The examples of non verbal communication included in this page are intended to show that we can’t take any single non verbal (or nonverbal) gesture at his face value.
We need to look at the entire message, including the words, the facial expression, the body language, the tone of voice, and the specific surroundings of the conversation taking place.
Looking at the entire message is the key to reading and interpreting nonverbal communication in business.
And now, for the examples:
Tina is asking her supervisor for a raise, he looks at his watch, she interprets that nonverbal gesture as a signal he doesn’t want to discuss the subject and begins to get up.
Tina’s supervisor looks at his watch to make sure he has enough time to discuss with Tina what a raise would entail for her. He’s glad she had the gumption to ask for the raise, he needs to let her know that the raise will be part of a promotion. He’ll let her know that the new job has added responsibilities and needs confirmation from Tina that she’s up to it.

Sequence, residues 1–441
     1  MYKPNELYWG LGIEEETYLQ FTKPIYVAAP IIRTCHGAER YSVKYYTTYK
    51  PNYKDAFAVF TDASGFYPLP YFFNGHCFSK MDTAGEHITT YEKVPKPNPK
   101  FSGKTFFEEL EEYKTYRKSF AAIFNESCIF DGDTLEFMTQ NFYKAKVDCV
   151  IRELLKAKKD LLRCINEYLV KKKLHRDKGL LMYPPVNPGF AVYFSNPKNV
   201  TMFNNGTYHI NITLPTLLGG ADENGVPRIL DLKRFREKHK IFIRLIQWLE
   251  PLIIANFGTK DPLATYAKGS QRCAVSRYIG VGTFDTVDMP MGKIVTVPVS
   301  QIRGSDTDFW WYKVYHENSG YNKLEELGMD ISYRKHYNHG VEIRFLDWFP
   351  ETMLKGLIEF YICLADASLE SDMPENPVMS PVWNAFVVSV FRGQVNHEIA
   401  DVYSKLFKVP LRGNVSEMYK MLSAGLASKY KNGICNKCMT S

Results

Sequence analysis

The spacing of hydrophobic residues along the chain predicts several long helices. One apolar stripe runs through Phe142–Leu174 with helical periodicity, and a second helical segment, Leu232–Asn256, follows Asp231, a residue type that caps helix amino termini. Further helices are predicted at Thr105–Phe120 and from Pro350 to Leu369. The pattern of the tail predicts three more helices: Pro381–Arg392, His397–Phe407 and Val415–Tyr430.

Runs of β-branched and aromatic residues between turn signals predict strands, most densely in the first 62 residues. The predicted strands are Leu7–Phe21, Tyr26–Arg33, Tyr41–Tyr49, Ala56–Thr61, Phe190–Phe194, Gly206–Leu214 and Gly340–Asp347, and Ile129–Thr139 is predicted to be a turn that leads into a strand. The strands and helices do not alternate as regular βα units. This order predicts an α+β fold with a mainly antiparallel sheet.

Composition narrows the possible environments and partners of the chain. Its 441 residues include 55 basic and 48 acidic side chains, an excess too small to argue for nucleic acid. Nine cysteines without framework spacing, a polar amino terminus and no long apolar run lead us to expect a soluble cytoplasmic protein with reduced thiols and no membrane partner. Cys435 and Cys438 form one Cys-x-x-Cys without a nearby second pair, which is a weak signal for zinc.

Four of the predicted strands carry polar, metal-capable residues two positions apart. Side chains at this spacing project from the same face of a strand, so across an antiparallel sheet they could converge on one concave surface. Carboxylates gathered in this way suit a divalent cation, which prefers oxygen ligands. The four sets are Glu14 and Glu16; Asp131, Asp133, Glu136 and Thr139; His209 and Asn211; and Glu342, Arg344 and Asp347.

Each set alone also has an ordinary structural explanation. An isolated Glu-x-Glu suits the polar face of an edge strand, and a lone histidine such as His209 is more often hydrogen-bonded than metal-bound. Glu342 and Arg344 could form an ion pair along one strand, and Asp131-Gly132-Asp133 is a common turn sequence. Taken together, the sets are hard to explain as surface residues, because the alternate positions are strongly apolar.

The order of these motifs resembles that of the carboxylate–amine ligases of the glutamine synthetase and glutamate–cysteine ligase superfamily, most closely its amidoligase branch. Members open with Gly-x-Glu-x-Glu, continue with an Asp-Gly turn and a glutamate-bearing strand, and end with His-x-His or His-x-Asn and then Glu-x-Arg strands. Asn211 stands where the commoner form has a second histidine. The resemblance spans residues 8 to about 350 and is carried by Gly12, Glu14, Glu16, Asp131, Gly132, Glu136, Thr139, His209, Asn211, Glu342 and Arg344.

He’s surprised Tina is about to get up and leave, he wonders what’s wrong.
Bob is getting ready to go to lunch, he picks up a trade magazine to read while eating lunch and heads for the exit. He runs into a group of his co-workers who are on the hallway chatting with each other.
They look at each other, without saying a word. Some of them say hi to him.
Bob thinks they are all going out to lunch together... without him. He figures he just caught them planning to leave for lunch without inviting him to join them. He concludes that’s why they looked at each other knowingly.
What Bob doesn’t know is that his co-workers had just been talking about him. They had been concerned about Bob just hurrying out at lunch time by himself all the time. They had noticed he stopped going out to lunch with them and seemed to be preoccupied with something at all times. They were worried about him.
Tom’s supervisor looks surprised: “Why? No, Tom, I don’t have to leave now, we can discuss your request”
Frank wonders why Tom asked him if he needed to leave now. Frank realizes that he was looking at his watch absentmindedly and was caught by Tom doing it.
Frank would rather not have this conversation today, he needs to let Tom know that his performance hasn’t been up to par this year, so he’s not slated for a raise. Frank is dreading this conversation with Tom.
Notice how Tom interpreted Frank's gesture correctly and that Frank gave him a verbal message that contradicted his nonverbal behavior. When this happens, the nonverbal behavior is likely to convey the true message, as in the example above.